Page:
AAI filed an amicus brief urging the Tenth Circuit Court of Appeals to reverse a district court order granting summary judgment to the defendant Mylan in a closely watched monopolization case involving the ubiquitous EpiPen, a device used to treat allergy patients who suffer from life-threatening anaphylaxis.
In Sanofi v. EpiPen, Sanofi alleges that Mylan, the owner of the EpiPen, illegally foreclosed the first meaningful rival to the EpiPen in the market for epinephrine auto injectors (“EAI market”) in more than a decade. In 2013, when Mylan’s EpiPen allegedly enjoyed an overwhelming monopoly with market share exceeding 99 percent, Sanofi introduced the Auvi-Q, an innovative, rival product invented by two brothers who suffer from anaphylaxis and were unsatisfied with the EpiPen. Instead of competing with the Auvi-Q on price or quality, however, Mylan allegedly instituted a multi-part scheme to lock the new product out of the EAI market.
At summary judgment, Sanofi introduced evidence that, in response to the launch of the Auvi-Q, Mylan raised the price of the EpiPen enormously and then offered conditional rebates to Pharmacy Benefit Managers (PBMs), which would partially offset the increase provided PBMs promised to exclude or disadvantage the Auvi-Q on their drug formularies (which dictate which treatments insured patients can access under their health plans).
Because the EpiPen’s list prices were raised so high, the foregone rebates would have made it cost-prohibitive for many PBMs to make the Auvi-Q available to patients unless Sanofi gave it counter-rebates that would have rendered the Auvi-Q unprofitable. After Mylan’s scheme effectively prevented the Auvi-Q from establishing a foothold, a product that both Mylan and Sanofi projected to take 30 percent of the EpiPen’s market share within three years, and that had already successfully achieved that share in Canada, was a commercial failure in the United States. Sanofi subsequently exited the market.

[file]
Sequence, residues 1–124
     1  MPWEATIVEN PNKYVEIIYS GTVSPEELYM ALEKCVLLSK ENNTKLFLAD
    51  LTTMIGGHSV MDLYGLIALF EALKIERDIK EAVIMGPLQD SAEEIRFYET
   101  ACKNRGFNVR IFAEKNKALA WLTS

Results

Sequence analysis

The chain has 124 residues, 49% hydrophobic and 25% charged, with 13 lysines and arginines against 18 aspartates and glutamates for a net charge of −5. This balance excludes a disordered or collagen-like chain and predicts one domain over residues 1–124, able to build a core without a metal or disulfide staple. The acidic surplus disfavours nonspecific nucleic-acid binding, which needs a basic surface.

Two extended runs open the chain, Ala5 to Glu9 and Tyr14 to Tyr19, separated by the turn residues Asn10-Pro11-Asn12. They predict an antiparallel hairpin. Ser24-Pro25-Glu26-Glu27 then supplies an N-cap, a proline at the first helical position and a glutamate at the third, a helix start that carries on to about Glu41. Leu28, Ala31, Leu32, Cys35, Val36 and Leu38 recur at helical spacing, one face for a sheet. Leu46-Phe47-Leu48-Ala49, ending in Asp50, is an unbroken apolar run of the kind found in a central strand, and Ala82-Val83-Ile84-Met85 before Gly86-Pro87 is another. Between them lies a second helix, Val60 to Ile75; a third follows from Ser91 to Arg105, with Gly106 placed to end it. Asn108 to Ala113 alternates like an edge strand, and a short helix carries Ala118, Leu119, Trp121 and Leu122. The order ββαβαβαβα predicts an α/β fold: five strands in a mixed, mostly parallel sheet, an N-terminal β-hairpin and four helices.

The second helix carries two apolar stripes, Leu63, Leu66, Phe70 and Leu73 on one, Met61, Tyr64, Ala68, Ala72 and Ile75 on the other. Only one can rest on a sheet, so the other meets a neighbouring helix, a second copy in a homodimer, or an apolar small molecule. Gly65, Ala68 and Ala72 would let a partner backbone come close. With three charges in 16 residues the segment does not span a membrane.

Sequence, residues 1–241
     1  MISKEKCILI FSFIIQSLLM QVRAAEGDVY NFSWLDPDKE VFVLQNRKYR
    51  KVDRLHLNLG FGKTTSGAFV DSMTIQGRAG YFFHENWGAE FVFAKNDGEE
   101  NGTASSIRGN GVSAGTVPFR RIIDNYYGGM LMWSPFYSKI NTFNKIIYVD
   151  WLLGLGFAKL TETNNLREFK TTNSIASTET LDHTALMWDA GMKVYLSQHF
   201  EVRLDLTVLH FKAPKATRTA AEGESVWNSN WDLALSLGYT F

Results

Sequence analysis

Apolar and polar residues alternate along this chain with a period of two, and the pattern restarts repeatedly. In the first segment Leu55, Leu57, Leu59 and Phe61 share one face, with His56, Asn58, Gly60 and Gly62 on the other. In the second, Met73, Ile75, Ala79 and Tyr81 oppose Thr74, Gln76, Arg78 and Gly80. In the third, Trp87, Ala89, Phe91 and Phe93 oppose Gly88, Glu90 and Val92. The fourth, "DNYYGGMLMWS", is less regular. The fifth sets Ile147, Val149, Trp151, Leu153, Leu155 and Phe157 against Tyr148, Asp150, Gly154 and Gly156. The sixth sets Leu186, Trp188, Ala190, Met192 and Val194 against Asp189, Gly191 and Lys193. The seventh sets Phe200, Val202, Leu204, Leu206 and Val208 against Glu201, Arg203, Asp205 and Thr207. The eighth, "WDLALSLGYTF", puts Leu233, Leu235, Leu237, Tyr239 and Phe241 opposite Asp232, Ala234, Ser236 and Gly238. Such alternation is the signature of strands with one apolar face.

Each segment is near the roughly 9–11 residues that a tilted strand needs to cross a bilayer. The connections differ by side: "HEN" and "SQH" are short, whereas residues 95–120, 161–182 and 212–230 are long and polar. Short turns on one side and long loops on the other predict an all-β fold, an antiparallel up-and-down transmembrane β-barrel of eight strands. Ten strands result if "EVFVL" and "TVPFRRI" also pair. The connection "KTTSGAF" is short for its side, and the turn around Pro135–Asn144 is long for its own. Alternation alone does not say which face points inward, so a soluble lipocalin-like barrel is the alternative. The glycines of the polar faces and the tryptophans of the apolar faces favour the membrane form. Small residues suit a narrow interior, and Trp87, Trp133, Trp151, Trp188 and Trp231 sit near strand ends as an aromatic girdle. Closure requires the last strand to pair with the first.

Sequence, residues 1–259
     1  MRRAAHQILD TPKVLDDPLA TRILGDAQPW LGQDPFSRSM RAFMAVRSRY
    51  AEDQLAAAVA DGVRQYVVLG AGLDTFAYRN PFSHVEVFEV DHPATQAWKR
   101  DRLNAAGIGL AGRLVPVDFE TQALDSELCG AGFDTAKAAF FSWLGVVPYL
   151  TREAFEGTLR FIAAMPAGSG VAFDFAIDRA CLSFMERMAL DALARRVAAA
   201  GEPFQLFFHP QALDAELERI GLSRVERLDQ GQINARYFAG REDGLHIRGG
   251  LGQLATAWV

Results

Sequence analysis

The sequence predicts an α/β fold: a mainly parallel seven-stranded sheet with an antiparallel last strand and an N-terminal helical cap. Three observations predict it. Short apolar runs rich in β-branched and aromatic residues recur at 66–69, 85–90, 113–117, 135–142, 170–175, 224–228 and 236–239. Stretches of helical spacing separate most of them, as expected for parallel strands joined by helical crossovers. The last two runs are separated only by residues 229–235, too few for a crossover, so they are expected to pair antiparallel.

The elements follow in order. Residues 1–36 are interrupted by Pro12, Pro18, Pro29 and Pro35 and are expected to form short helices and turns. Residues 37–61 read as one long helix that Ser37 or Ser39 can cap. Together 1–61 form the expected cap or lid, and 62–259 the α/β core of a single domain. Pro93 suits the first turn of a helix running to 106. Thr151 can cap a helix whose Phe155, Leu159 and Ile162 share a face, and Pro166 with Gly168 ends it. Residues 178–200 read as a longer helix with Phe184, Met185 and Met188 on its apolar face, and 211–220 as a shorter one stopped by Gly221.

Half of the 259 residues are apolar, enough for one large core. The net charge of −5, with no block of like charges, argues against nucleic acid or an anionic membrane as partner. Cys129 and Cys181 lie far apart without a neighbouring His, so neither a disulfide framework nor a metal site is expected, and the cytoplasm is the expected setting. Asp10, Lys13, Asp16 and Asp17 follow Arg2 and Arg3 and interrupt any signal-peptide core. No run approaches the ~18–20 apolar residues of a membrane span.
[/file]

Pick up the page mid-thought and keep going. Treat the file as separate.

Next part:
The district court granted summary judgment to Mylan, emphasizing that PBMs benefitted from the Mylan’s rebate payments, actively encouraged them, and gave comparable exclusives to Sanofi when Sanofi made (unprofitable) counter-offers in an effort to match the Mylan rebate. AAI’s amicus brief argues that the district court erred by conflating the interests of PBMs and consumers, and misapplying the rule of reason. The court should have recognized that Sanofi established its prima facie case, and created a triable issue, when it established harm to competition and patients. The court erred by confusing PBMs’ interest in obtaining high rebates for evidence of a consumer welfare benefit. Empirical evidence in the highly concentrated PBM market suggests that PBMs’ demand for high rebates, on which they are typically compensated by health plans, has put upward pressure on net drug prices, with consumers left to suffer net price increases and drug manufacturers and PBMs sharing the spoils. Moreover, there was no evidence in the record of any efficiency justification that would otherwise explain the exclusionary rebate contracts.
The AAI brief also argues that the district court failed to account for Mylan’s overwhelming monopoly power in assessing the likelihood that its conduct would have anticompetitive effects in the EAI market. Although the district court accurately cited language from a different case emphasizing that exclusive dealing is common in the economy and can often be procompetitive, it neglected to account for the economic realities of the EAI market, in which Mylan was eliminating its only capable rival. Because the court failed to appreciate that competition cannot exist without competitors, it did not recognize that conduct eliminating the Auvi-Q on some basis other than efficiency was all but assured of causing cognizable harm under the antitrust laws.
The brief was written by AAI Vice President of Legal Advocacy Randy Stutz.